On April 6, 2017, Sharon Agent was issued a real estate salesperson license.
In 2023, Agent was representing the seller of real property. On March 30, 2023, Megan Buyer submitted an initial offer on the subject property in the amount of $750,000 with an escalation clause that increased up to $850,000.
On April 3, 2023, Agent received another offer from a different buyer in the amount of $750,000 with an escalation clause that increased up to $915,000.
Agent created an Excel spreadsheet containing the details of the offers received. However, when Agent entered the details into the spreadsheet, she mistakenly entered the $915,000 offer as $951,000.
On April 3, 2023, Agent, using the information from her spreadsheet, verbally notified Buyer’s agent of the competing offer, and told her that the offer was for $950,000. Because of this information, Buyer increased her escalation clause to reflect a maximum sales price of $950,000.
Subsequently, Agent notified Buyer’s agent that the seller accepted her offer. Around this time, the agent for Buyer learned that the competing offer was $951,000, and she asked Agent why the seller chose Buyer’s offer. Agent replied she believed it was because the seller met Buyer at an open house.
On April 26, 2023, closing occurred. Approximately one month later, Buyer realized that she was missing a copy of the competing offer which justified her escalation clause.
On June 13, 2023, Buyer requested a copy of the competing offer. According to Agent, this was the first time she received a request for a copy of the competing offer.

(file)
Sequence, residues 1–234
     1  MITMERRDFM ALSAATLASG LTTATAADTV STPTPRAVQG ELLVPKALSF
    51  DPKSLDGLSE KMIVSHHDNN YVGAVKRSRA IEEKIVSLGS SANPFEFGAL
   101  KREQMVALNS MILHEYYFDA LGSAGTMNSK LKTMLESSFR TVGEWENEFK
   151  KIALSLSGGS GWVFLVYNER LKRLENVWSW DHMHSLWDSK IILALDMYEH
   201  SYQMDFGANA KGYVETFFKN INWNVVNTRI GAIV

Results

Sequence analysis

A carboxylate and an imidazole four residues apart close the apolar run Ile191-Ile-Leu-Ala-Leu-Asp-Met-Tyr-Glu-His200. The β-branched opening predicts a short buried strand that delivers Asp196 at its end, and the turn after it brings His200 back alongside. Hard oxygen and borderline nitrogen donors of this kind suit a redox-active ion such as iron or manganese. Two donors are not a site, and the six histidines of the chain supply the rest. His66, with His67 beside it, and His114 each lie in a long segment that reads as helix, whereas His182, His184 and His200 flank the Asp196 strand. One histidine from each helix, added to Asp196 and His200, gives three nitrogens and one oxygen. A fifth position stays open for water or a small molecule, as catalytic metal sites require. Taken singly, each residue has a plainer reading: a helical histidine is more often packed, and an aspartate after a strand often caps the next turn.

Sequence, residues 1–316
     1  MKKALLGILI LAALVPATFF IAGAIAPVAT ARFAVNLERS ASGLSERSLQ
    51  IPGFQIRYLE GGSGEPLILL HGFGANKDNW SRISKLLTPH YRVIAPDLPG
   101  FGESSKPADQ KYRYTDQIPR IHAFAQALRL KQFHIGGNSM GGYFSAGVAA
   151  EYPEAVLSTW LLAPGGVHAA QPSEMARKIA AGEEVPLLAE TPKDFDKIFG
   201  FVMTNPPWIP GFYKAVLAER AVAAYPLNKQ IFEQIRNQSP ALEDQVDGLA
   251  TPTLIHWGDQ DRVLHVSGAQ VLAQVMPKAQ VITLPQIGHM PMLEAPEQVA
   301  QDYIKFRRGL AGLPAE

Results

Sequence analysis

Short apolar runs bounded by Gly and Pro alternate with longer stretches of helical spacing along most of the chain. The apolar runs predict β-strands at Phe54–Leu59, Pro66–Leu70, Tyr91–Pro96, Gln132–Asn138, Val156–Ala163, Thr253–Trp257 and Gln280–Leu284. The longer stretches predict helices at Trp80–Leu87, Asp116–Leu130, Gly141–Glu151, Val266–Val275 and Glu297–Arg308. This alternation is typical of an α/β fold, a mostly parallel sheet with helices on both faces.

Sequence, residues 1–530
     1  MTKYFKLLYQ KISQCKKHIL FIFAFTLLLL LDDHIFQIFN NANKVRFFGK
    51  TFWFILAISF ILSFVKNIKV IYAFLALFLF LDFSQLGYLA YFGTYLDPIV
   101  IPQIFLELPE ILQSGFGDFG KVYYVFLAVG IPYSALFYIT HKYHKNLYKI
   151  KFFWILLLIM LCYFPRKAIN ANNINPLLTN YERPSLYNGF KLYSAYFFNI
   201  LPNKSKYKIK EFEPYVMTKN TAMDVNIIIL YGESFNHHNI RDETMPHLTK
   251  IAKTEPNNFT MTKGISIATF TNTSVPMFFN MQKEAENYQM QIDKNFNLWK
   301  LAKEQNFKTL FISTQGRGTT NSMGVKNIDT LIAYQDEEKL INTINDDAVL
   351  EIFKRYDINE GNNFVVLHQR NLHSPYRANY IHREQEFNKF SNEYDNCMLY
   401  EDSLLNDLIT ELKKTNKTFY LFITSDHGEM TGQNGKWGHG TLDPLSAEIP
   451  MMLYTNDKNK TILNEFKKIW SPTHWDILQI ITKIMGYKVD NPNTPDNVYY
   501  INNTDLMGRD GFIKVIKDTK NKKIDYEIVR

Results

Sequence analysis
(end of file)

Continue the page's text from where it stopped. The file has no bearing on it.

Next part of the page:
On June 14, 2023, upon looking through the files, Agent found the competing offer and realized her mistake for the first time. Agent informed Buyer’s agent in writing of the mistake and the information was forwarded to Buyer by her agent.
Buyer’s escalation clause states, “Seller shall provide to Purchaser a complete copy of Other Offer used to justify the escalated sales price with this Addendum.”
In her written response to this complaint, Agent’s attorney stated that Agent forgot to send the competing offer to Buyer or her agent. However, neither Buyer nor her agent requested a copy of the competing offer. Agent stated that she made a mistake and upon realizing that mistake, informed Buyer’s agent. Agent did not hide any information. Agent had been following the advice of her counsel and allowed her attorney to communicate on her behalf concerning a resolution of this situation.
The Board determined Agent failed to exercise ordinary care (VA Code § 54.1-2131.A.4) during the transaction by relying on incorrect information from the Excel spreadsheet and failing to provide the competing offer to the purchaser pursuant to the terms of the escalation clause. Agent was fined in the amount of $550. Agent was also required to complete six classroom hours of Board-approved Post-License education pertaining to Contract Writing.
Published October 2023